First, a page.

How to Collect Employee Feedback on Management

Collecting employee feedback on management is a pretty simple process. 

In fact, by partnering with a third-party upward evaluation survey company like Drive Research you can feel confident all best practices are being met. 

Plus, when working with an employee survey company, the team will help ensure:

  • Employees feel comfortable responding knowing their data will be anonymous and kept confidential
  • The research team will put the data into perspective and help turn the data into insights and next steps
  • And, the research team will provide outside recommendations to help consider other improvements

When using a third party for employee surveys, you can expect the following steps when collecting team feedback on management.

Drive Research Online Survey Process

1. Attending a kickoff meeting

During this meeting, the upward evaluation survey company will meet with the company to discuss the goals and objectives of the project, timeline, and provide an overview of how the process works.

2. Designing upward feedback surveys

This process is pretty simple! Survey questions will be developed using the goals and objectives discussed in the kickoff meeting.

Oftentimes, companies will want to use survey questions that can be benchmarked in addition to a few custom questions for their specific employees.

Note: Benchmark questions can be used to compare the survey results to other, similar types of companies. It’s really helpful to put the scores into perspective!

3. Preparing the employee database

When asking employees to take a staff satisfaction survey, this is an important step and helps companies ensure anonymity.

Through this process, the company will provide various information to the third-party employee evaluation survey company.

The market research team will then assess the results and deem ways the results can be segmented (pending sample sizes are large enough to protect anonymity and confidentiality).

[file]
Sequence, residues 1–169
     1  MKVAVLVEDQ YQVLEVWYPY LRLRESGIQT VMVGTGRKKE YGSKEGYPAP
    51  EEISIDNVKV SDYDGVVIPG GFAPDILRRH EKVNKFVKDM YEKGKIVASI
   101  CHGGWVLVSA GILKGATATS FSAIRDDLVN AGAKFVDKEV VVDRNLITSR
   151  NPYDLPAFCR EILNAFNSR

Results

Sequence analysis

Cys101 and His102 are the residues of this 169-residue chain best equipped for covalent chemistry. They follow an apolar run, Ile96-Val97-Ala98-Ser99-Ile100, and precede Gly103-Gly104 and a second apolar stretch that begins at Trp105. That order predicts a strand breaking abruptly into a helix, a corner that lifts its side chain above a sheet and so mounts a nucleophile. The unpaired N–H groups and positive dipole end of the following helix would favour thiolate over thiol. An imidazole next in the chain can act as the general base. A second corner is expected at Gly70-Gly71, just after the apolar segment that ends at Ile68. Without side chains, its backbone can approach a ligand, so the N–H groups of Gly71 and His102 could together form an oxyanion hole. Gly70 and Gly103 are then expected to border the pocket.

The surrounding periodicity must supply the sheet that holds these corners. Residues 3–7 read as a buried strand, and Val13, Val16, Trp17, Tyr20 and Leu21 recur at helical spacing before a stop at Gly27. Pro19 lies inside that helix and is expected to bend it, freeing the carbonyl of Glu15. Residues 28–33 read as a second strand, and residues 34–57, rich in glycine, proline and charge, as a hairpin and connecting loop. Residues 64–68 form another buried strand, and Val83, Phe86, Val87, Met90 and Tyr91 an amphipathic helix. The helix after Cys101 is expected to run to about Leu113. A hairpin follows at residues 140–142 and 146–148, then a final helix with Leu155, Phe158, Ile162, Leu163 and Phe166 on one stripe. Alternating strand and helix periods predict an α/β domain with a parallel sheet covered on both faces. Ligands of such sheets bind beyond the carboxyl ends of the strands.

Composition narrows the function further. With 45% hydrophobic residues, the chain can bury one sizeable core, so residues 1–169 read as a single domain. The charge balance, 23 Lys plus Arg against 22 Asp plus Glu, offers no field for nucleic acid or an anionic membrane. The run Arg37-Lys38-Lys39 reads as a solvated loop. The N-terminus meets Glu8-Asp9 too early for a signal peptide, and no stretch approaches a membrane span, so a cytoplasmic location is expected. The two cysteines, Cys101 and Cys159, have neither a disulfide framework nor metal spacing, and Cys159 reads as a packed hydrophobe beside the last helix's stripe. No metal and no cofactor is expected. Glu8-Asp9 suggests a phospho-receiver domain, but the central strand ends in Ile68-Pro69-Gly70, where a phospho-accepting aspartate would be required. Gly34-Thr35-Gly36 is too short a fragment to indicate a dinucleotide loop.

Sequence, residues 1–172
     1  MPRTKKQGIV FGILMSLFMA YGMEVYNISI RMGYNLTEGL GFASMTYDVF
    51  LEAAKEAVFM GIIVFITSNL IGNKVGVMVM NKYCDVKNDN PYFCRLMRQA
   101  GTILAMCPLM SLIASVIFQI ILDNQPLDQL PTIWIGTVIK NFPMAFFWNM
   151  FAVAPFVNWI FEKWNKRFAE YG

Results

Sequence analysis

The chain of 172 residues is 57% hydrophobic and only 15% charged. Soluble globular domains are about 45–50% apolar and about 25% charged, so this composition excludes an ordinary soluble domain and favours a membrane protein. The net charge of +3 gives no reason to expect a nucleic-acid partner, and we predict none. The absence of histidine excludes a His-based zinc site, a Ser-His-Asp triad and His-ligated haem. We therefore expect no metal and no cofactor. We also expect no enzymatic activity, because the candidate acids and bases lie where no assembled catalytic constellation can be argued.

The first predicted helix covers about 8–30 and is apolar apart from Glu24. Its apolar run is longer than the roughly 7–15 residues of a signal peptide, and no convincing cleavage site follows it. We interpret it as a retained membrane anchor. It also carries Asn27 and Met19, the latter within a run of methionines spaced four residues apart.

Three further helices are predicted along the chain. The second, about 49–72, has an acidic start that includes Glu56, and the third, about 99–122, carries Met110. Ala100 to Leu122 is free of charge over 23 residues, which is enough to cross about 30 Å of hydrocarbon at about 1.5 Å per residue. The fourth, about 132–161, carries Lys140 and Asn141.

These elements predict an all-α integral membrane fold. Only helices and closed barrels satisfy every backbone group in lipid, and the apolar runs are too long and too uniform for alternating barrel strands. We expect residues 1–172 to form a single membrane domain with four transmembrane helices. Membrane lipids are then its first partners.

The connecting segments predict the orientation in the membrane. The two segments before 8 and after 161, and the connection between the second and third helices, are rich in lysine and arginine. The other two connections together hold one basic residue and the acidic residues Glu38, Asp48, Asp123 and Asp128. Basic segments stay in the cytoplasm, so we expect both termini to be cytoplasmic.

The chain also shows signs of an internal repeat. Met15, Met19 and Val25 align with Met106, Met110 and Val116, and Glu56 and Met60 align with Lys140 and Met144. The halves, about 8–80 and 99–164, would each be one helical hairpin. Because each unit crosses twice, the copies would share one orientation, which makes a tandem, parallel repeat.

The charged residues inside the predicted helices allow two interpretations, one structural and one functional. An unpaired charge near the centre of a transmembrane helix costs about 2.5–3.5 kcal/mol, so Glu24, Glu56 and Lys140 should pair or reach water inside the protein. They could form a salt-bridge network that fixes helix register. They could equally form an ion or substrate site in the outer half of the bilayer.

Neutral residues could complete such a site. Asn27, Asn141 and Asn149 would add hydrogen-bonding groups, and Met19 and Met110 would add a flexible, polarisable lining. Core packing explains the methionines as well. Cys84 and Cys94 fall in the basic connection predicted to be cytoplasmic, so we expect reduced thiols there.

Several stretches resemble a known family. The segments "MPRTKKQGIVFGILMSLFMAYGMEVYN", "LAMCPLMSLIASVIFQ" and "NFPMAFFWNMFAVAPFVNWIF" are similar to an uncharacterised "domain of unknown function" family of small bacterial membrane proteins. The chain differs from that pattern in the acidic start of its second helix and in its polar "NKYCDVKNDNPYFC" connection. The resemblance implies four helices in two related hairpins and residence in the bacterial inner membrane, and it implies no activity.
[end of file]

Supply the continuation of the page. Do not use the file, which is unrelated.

4. Sending out the survey

This step is easy! The research team will prepare the survey and send out survey invites.

Several best practices are used throughout this process (i.e., the look and feel of the survey, format of invites, timing of invites).

5. Analyzing and reporting on the data

Once fieldwork for the upward evaluation survey is complete, the research team will begin analyzing the data.

The results are shared as an online report of charts/graphs, prepared into a short report, or prepared into a more comprehensive report depending on the needs of the client team.

💡 The Key Takeaway: When working with an upward evaluation survey company, conducting these types of surveys is easy. Plus, employees are more likely to provide their honest opinions because they know their responses will be kept 100% confidential.

george kuhn writing on white board

George Kuhn, Owner and President of Drive Research

Example Upward Feedback Survey Questions

Below are a few examples of upward evaluation survey questions!

These questions should use an agreement scale such as the following: Strongly agree, somewhat agree, neither agree nor disagree, somewhat disagree, and strongly disagree.

  • Communication between [insert manager] and myself is good in my organization.
  • [Insert manager] allows me to make decisions affecting my work.
  • [Insert manager] recognizes strong job performance.
  • [Insert manager] and I have a good working relationship.
  • [Insert manager] and I trust each other.
  • [Insert manager] takes the initiative to help other employees when the need arises.
  • [Insert manager] inspires me to meet my goals at work.
  • [Insert manager] is willing to take on new tasks as needed.
  • [Insert manager] willingly accepts change.
  • [Insert manager] supports a safe work environment.

It’s important to remember that these survey questions can be customized as needed. 

However, keeping the survey questions as written allows the research team to use employee survey benchmarks.

Survey benchmarks are excellent for comparing your results to similar types of companies and competitors. 

💡 The Key Takeaway: There are many different types of upward feedback survey questions. When choosing what to ask, be sure the questions closely align with your project objectives and goals.

Contact Our Employee Survey Company

Drive Research is a national market research company, specializing in employee surveys and upward feedback surveys.

Our team works with various types of companies across the country to earn feedback from their employees. Doing so helps to improve employee retention, increase employee engagement, and identify baseline data/monitor progress. 

Interested in learning more about our Voice of Employee services? Contact our team today.

  1. Message us on our website
  2. Email us at [email protected]
  3. Call us at 888-725-DATA
  4. Text us at 315-303-2040

emily taylor about the author

Emily Taylor

As a Senior Research Analyst, Emily is approaching a decade of experience in the market research industry and loves to challenge the status quo. She is a certified VoC professional with a passion for storytelling.

Learn more about Emily, here.